On a recent visit to the beach, I picked up a least a dozen pens, pencils, and markers that had washed up on shore. It’s interesting how one type of trash will be present in abundance on a given day. Sometimes I find toothbrushes and cosmetics. Other days, candy wrappers, yogurt containers, or cans of chewing tobacco are strewn up and down the coastline.
Writing implements are not something I usually find, but that day they were prevalent. Each time I spotted one in the sand, it felt like I was being sent a message, and I was prompted to reflect on why I haven’t been writing or drawing lately.
I created my Write the World blog after thinking about it for a very long time. I met my goal of posting once a week for several weeks, and then I quit. It was hard to keep up. I let negative self-talk and excuses get in my way. Since my last post on January 31st, I have thought about blogging almost every day. I have kept track of my ideas in a list of notes that I keep on my iPhone, but I haven’t allowed myself to take the risk of writing something to post.
I am also a doodler. I enjoy drawing weird abstract pictures of faces, flowers, and creatures. But I haven’t been doodling lately either. I am not sure when I last picked up my sketchbook and pen. I get nervous when I even think about it. What if I can’t think of anything interesting to draw?
It may sound clichéd, but I guess I am experiencing a creative block. My dad regrettably lived a lifetime in this state.
He was an architect who worked for the Army Corps of Engineers. He designed base housing and military structures—not a creative way for an architect to spend a career, but I think he was comfortable in his job. He was a shy man who didn’t want to stand out in any way.
When he was 16 or 17, he painted a few watercolors that were exceptional, but he quit painting in spite of his talent. 60 years later, he saw two of the works he had completed in his teens matted and displayed in our home. His only comment was “nice frames.” He couldn’t acknowledge the beauty of his paintings, and he was unable to accept our praise.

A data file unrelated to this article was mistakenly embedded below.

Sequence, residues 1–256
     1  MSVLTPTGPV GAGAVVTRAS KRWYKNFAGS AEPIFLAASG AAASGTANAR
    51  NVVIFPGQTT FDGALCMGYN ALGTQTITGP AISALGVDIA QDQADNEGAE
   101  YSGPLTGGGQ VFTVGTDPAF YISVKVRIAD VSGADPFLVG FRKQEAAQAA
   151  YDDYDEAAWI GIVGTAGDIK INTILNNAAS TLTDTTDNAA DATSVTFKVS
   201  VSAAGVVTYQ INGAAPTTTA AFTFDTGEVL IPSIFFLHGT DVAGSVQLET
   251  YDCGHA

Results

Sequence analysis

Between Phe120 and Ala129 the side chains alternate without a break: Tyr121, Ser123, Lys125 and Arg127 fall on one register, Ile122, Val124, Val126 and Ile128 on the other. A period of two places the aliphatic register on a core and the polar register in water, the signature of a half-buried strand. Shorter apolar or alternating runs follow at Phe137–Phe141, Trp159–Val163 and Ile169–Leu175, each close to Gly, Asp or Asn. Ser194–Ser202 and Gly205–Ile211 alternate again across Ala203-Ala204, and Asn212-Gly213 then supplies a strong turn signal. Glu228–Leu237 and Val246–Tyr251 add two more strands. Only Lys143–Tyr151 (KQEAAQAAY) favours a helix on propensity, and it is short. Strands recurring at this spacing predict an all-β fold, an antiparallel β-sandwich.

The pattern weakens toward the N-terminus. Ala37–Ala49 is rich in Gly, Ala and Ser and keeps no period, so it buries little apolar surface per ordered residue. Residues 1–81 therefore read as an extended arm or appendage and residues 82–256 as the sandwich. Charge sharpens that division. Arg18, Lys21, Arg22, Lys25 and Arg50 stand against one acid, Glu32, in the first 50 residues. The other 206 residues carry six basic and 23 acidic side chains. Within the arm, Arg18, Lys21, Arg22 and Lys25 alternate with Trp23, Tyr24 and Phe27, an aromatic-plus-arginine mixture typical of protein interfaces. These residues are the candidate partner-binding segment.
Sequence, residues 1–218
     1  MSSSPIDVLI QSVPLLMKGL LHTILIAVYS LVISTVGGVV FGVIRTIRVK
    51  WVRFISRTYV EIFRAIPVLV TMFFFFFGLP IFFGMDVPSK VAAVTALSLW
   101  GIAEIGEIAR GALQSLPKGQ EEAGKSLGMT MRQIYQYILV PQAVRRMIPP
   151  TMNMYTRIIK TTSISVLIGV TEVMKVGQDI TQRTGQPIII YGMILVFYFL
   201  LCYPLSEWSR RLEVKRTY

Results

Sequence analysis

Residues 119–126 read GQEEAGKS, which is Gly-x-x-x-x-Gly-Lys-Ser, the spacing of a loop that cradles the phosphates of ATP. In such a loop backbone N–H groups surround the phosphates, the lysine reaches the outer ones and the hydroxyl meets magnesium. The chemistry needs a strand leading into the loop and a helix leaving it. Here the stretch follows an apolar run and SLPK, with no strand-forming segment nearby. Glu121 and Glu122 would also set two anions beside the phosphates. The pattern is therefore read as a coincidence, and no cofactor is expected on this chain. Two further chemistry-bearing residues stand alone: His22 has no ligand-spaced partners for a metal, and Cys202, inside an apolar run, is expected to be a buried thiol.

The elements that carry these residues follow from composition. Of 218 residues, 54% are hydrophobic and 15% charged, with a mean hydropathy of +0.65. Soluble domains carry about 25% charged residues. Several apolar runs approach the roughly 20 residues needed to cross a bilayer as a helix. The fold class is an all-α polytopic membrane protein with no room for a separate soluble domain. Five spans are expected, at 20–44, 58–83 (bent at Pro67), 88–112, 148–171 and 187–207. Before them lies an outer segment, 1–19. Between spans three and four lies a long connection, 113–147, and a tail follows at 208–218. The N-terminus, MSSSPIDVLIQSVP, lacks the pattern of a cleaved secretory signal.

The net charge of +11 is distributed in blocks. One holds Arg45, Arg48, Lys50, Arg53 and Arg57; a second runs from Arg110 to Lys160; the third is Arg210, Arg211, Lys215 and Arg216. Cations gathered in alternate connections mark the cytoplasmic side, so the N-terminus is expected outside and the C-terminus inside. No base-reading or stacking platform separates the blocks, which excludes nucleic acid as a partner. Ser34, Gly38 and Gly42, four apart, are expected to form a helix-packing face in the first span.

My father was incoherent the week before he died. He couldn’t say much, but he was able to utter one last sentence: “I am disappointed in…” I held my breath, thinking it was something I had done or hadn’t done “…I am disappointed in my creativity.”
I don’t want to find myself echoing my father’s final words in my old age. I don’t want to live my life regretting that I didn’t fully express myself. I don’t want to die disappointed in my own creativity.
I will follow the wise advice from Ann Patchett about forgiveness that I recently read in Explore.
“Forgiveness. The ability to forgive oneself. Stop here for a few breaths and think about this, because it is the key to making art and very possibly the key to finding any semblance of happiness in life. Every time I have set out to translate the book (or story, or hopelessly long essay) that exists in such brilliant detail on the big screen of my limbic system onto a piece of paper (which, let’s face it, was once a towering tree crowned with leaves and a home to birds), I grieve for my own lack of talent and intelligence. Every. Single. Time. Were I smarter, more gifted, I could pin down a closer facsimile of the wonders I see. I believe that, more than anything else, this grief of constantly having to face down our own inadequacies is what keeps people from being writers. Forgiveness, therefore, is key. I can’t write the book I want to write, but I can and will write the book I am capable of writing. Again and again throughout the course of my life I will forgive myself.”
I too forgive myself. This is the best I could do for today. I didn’t write the blog post I wanted to write, but I wrote the one I am capable of writing.
It feels good to be forgiven.